Liturgy Series: Part 8 – The Creed
By this point we’ve covered a lot of ground in this Liturgy Series. Thus far we’ve addressed the Liturgical Calendar, the Call to Worship, Music, the Law, Confession and Pardon, and Baptism. Today we will zoom in on what is usually called “the Creed” or “the Confession of Faith.” But before we go on I’d like to take a moment to give you (the faithful reader) a bit of a roadmap moving forward. I assure you that we are nearing the end of this arduous journey and I hope you’ll stick with me! In the coming weeks, we will consider Corporate Prayer, the Sermon, the Eucharist, the Offering, and the Benediction. This should take us to mid-January if I stay at my current pace (one post per week). I’m considering knocking out a few posts the week after Christmas because I will be off work and should be able to devote extra time to writing but for now let’s assume the series will continue into the New Year.
Now, let’s dive into the Creed!
Like most parts of the liturgy, a weekly recitation of a Creed or confession of faith doesn’t really make sense to our modern selves. We tend to take a very cognitivist approach to things in that we see no use in repetition of words we already know. But this approach runs straight against what the Bible teaches about words. In many ways, words are like food (Matthew 4:4). The mere fact that we “know” what certain words are communicating does not mean that we no longer need to say or hear them. When a wife asks her husband if he loves her the husband should not respond by telling his wife that he told her he loved her on their wedding day and that she shouldn’t be so forgetful (Credit to Douglas Wilson for this analogy). No, the wife craves the verbal articulation of her husbands love; not so that she can remember but so that she may truly know. To continue this analogy, the Bible uses the word “know” to communicate sexual union in many cases (Genesis 4:1). This is a type of knowing that could never be boiled down to mere head knowledge.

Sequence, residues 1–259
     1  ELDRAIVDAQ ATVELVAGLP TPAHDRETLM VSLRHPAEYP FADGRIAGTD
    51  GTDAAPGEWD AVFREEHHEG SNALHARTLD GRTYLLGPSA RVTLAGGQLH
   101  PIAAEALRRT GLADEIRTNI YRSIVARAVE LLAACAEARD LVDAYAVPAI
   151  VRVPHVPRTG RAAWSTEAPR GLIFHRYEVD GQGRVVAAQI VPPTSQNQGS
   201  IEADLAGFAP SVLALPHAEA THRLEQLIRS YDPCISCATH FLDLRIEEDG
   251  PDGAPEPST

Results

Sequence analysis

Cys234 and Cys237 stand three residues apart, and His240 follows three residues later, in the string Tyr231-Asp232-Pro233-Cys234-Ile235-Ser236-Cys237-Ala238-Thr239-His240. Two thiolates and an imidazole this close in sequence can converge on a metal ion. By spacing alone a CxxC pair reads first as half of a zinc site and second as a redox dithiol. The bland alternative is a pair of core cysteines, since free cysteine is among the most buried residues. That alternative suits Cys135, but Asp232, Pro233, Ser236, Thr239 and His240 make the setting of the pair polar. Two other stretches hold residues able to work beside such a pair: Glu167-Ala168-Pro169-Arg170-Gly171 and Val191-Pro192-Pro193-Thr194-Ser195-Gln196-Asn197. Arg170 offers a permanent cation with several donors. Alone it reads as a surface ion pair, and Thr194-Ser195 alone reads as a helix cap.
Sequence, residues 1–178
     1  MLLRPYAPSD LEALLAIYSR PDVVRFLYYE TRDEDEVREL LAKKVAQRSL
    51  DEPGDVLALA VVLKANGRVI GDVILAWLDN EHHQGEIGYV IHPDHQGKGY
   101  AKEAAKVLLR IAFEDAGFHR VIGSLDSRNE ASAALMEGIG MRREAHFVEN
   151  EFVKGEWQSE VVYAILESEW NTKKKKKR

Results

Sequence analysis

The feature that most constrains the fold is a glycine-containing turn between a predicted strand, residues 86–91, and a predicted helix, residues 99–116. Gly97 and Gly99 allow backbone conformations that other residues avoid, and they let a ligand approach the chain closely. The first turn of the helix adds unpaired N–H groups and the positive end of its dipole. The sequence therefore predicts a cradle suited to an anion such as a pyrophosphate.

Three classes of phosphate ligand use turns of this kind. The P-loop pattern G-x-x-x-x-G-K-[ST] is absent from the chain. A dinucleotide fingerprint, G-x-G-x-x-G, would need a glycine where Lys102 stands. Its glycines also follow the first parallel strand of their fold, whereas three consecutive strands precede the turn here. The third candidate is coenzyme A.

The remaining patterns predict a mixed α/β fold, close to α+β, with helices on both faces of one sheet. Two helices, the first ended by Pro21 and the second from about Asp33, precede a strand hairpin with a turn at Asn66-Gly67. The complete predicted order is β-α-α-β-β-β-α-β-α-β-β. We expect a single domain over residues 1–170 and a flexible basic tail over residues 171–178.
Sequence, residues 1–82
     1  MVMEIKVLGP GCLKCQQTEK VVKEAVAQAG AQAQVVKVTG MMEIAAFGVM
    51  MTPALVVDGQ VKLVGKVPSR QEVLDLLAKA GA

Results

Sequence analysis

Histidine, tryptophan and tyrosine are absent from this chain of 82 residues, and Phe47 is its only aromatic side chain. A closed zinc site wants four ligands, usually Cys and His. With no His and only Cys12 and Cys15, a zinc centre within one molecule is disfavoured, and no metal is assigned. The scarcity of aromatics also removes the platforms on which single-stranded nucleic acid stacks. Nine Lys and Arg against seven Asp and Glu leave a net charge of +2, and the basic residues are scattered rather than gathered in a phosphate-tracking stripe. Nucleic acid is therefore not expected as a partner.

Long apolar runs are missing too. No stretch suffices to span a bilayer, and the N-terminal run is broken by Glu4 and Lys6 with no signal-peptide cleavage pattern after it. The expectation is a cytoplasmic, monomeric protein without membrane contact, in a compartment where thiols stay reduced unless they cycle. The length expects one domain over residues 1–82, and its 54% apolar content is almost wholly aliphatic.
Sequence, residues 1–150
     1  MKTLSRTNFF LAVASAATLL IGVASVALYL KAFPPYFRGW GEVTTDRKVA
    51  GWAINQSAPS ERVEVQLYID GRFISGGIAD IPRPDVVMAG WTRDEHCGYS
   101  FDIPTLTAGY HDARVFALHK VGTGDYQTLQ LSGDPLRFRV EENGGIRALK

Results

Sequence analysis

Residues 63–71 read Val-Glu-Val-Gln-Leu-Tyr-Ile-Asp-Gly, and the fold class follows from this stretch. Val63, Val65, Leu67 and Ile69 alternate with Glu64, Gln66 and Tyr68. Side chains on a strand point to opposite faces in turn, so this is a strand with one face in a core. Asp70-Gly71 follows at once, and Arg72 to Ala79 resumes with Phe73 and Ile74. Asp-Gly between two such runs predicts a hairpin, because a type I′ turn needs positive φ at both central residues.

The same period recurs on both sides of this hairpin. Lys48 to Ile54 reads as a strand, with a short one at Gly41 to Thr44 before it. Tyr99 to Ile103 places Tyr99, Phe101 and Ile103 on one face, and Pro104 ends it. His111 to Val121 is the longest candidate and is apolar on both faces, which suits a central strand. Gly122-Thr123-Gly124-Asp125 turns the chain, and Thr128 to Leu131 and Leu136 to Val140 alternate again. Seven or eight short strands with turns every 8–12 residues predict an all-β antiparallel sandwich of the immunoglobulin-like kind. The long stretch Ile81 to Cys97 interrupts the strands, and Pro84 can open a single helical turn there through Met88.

The Bible speaks in a similar way in Colossians 3. Paul desires the word to dwell in the Colossians richly. This is not a call for the Colossians to make cognitive assent to the “doctrines” of Christ. No, Paul envisions the Colossians singing psalms, hymns, and spiritual songs in their hearts to God as a result of Christ’s words dwelling in them (v. 16). Knowledge that dwells is not something you’ve passed by casually, it’s something that has been planted in your bones over a long period of time. In part, this is what the Creed seeks to do in the people of God.
Recitation of a Creed in corporate worship is also a public act. As noted, it has a profound impact over time in the hearts of God’s people. However, the Creed is also declarative, publicly embracing some things while simultaneously pushing other things away. In his work Desiring the Kingdom James K.A. Smith states: “When we pledge that Jesus is Lord…we are engaged in a political act.” Each week as the people of God gather in corporate worship they are (re)centering their lives around the true king of the true city. The Creed states that no matter what country you are from or which political party you claim allegiance to, ultimately, Jesus is Lord over all. The politically provocative nature of the creed is difficult to deny when every Lord’s day hundreds of millions of men, women, and children gather around the globe to declare that Jesus is sovereign over all.